Pondering the Padaung

Trip Start Dec 31, 2004
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Trip End Apr 22, 2005


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Flag of Myanmar  ,
Monday, February 21, 2005

We didn't have much of an option it seemed. No sooner had we arrived in our guesthouse than one of the sisters of the Four Sisters guesthouse descended on us before we'd even put our bags down to schedule a lake excursion. She explained that there was a special market on the far end of the lake and that we should go the next day. I told her that unless it was exceptionally special we'd prefer to get the lay of the land first and stroll about for the first 24 hours. She insisted playing on our ignorance and we signed up for just a half day. We've later come to call her Freak-Out Sister because unlike the other sisters and their mother who are delightful, Freak-Out Sister is pushy and frantic about getting her guests to sign up for treks and any other way she can get a kick back. It would also come to pass that the market day was no more special than any of the others we could have visited. What she didn't know however was that this market had a special attraction tucked away from the mainstream that would make our day indeed exceptionally special: The long-necked women from the Padaung tribe.

After slowly waking up over a plate of hot banana pancakes and force-sipping a cup of vile "coffee" on the chilly communal terrace it was time for the day's excursion to begin. We followed behind our driver down a dirt path to the canal and boarded our two seat motorized canoe. For over an hour we made our way past the Intha fishermen rowing their boats with their legs wrapped around their oars and past waving families washing themselves by stilted wooden shacks and young boys herding water buffalo on the banks of the lake. We arrived at the market only to find that it featured much of the traditional tourist's fare and that the actual local market was puny by comparison. Nonetheless there were some great buys and some interesting souvenirs that caught our attention en route to the hill top monastery.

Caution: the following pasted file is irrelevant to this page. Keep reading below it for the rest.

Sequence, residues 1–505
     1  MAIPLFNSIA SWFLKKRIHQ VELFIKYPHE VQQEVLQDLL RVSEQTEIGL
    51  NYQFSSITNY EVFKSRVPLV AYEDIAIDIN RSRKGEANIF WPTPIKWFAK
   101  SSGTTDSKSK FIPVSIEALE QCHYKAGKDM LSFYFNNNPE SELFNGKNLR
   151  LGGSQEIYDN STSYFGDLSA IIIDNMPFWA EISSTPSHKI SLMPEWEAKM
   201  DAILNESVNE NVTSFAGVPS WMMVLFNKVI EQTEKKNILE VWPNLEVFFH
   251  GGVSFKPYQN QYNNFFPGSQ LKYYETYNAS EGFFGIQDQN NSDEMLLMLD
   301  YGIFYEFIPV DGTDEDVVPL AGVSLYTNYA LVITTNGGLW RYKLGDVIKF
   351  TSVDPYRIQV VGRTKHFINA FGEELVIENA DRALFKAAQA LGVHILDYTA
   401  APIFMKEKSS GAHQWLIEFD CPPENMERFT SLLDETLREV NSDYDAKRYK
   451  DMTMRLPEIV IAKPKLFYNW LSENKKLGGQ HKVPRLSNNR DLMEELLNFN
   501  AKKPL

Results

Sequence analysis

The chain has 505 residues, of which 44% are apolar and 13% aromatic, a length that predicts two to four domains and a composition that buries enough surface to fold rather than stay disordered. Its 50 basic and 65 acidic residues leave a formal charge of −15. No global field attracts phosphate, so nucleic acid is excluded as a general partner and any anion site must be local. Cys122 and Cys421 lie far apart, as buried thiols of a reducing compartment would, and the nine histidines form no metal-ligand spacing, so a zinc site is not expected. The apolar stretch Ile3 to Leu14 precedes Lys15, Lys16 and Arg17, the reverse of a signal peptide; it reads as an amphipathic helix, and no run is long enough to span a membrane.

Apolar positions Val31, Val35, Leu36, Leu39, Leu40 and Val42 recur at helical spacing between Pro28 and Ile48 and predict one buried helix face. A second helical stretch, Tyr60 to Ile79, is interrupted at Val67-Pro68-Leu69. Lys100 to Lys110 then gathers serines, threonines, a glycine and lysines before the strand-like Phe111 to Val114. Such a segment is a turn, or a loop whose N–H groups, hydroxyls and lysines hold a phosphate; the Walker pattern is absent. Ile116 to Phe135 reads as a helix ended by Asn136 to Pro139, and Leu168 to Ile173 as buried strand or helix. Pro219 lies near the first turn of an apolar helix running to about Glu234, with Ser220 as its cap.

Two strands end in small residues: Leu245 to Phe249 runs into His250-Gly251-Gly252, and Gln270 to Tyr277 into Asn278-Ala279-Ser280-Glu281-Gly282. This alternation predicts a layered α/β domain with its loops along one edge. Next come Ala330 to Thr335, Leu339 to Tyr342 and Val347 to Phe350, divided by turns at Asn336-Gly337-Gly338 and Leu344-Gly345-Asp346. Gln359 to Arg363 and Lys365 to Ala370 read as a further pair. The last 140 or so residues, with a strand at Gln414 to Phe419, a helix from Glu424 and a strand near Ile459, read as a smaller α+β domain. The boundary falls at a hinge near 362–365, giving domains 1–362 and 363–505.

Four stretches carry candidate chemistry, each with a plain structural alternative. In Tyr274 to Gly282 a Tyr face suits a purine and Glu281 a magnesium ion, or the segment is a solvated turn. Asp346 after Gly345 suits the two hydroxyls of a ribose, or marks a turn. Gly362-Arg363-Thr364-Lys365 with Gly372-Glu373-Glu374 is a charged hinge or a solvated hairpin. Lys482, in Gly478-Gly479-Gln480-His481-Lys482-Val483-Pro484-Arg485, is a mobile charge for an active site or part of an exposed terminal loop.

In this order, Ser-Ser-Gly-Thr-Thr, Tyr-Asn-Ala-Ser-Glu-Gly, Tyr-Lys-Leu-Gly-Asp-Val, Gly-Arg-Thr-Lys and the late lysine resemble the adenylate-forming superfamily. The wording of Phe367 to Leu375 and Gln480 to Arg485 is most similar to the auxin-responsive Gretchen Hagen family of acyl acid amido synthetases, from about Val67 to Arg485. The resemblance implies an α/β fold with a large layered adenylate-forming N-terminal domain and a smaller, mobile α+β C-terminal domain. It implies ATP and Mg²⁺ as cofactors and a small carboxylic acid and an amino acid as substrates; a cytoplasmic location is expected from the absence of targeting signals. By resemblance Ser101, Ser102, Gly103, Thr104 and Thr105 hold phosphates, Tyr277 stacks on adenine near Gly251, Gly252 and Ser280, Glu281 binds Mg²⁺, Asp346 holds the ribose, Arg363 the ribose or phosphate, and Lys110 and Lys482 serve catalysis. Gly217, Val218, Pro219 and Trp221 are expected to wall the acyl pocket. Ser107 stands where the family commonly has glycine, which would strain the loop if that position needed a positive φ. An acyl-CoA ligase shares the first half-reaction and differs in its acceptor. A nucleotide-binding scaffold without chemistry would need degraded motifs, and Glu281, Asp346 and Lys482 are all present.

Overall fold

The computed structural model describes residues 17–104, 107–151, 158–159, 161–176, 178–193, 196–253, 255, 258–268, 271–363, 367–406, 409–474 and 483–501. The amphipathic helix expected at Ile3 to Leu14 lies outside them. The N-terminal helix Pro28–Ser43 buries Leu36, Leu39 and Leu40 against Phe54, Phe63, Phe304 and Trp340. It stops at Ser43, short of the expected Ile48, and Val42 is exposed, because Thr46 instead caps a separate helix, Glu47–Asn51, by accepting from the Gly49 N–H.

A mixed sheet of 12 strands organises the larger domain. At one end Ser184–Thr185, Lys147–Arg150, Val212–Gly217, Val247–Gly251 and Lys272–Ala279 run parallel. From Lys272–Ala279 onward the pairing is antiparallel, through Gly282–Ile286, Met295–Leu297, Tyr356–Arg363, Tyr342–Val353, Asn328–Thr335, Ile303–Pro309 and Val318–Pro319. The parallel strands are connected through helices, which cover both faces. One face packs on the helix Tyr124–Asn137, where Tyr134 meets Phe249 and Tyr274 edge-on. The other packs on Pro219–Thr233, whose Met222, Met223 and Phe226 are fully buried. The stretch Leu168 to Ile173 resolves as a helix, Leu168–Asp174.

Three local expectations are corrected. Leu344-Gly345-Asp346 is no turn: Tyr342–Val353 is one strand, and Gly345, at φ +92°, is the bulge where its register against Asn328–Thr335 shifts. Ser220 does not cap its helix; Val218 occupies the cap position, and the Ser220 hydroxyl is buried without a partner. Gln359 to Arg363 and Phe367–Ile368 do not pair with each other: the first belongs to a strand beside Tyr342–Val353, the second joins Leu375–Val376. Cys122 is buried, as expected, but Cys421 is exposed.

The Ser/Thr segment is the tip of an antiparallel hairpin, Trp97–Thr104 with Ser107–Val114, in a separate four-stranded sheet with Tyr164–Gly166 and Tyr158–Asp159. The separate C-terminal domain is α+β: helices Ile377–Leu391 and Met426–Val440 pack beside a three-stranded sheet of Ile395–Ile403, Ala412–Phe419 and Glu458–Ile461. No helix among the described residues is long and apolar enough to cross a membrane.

In each country I've visited the hawkers and salespeople parrot virtually the same lines. The favourites in Thailand are, "one-hunded puhrcent Thai silk - eeets silk on silk"; "You buy from meee"; "Lady you look at my shop I give you good price" and "Only 40 bahts -you buy!" In Cambodia it's "Hey lady, you want cold drink, lady?" but they're most famous for the snippy comebacks that normally go like this:

You buy from me, madam.
No thank you I already have one.
You buy two - buy for boyfriend buy for mother.
No thank you I don't like red.
I have blue one,
No thank you, I'm fine.
I'm not fine - you buy something.

In Lao they sit up and wipe the sleep from their eyes but normally nod out before you can reach for your wallet. At the night market however they can get aggressive. Their standard is to throw something your way that you glanced at two blocks away and announce "Lucky day! I give you good price! Lucky day!" In Vietnam last year I noticed their unnerving habit of telling you what each object is your looking at, "That skirt!", "That chopstick!", and "That postcard!" Once I had a little girl shadowing me so closely that I ran into her twice and then asked her if she'd mind not standing so close to me when I was thinking about buying something. She looked up and said, "When you not near I sad." I bolted feeling the need to scrub my soul with a scouring pad I felt so sickened. In India they trick you to buy things and are without a doubt the masters of deception and scams throughout all of Asia if not the world. To be fair however it still ranks in my top five favourite countries. The one common line that they say in all of these countries is "What country you from?" which is a prelude to immediately trying to sell you something.